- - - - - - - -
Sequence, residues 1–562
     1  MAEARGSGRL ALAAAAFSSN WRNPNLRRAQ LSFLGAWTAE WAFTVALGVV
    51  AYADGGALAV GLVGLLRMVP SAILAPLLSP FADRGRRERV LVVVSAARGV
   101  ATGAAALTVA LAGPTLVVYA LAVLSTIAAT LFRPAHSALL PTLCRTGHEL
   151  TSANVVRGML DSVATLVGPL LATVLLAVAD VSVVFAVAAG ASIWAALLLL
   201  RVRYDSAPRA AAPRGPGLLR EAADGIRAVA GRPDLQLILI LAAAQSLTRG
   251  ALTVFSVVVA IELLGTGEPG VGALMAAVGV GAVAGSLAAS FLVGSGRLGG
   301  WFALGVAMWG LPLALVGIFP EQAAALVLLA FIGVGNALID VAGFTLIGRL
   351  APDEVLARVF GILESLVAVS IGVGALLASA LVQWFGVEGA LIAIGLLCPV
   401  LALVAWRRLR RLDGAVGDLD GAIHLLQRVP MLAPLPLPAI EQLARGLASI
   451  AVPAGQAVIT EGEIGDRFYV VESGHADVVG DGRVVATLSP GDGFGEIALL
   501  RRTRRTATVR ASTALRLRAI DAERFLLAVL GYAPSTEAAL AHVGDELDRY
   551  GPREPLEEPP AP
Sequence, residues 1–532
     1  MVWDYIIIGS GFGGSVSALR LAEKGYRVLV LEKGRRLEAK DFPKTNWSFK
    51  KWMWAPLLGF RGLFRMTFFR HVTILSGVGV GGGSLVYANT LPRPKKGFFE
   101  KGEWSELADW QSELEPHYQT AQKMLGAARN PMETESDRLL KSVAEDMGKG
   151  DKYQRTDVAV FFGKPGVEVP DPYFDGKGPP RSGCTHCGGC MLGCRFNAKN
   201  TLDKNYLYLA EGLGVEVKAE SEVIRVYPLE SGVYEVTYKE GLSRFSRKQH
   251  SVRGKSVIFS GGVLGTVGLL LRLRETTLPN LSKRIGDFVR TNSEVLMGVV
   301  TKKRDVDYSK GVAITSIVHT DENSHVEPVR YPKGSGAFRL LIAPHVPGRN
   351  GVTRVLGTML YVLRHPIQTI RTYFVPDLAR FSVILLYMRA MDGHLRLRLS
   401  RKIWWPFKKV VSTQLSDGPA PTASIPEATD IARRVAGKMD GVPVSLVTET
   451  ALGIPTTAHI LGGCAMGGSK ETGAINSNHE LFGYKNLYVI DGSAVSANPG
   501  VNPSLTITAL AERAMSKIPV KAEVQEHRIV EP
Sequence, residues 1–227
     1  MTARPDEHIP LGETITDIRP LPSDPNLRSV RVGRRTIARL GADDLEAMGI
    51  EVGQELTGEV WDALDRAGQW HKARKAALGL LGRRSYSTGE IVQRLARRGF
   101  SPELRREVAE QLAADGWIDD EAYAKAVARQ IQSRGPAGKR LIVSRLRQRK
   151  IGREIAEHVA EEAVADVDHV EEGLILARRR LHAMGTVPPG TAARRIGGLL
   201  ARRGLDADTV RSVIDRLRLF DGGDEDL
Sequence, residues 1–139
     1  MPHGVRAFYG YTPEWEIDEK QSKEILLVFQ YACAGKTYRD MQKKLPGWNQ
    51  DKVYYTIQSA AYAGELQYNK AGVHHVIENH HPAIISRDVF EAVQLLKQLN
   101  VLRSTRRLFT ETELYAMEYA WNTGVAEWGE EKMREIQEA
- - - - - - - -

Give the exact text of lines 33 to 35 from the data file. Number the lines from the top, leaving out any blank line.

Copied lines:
     1  MPHGVRAFYG YTPEWEIDEK QSKEILLVFQ YACAGKTYRD MQKKLPGWNQ
    51  DKVYYTIQSA AYAGELQYNK AGVHHVIENH HPAIISRDVF EAVQLLKQLN
   101  VLRSTRRLFT ETELYAMEYA WNTGVAEWGE EKMREIQEA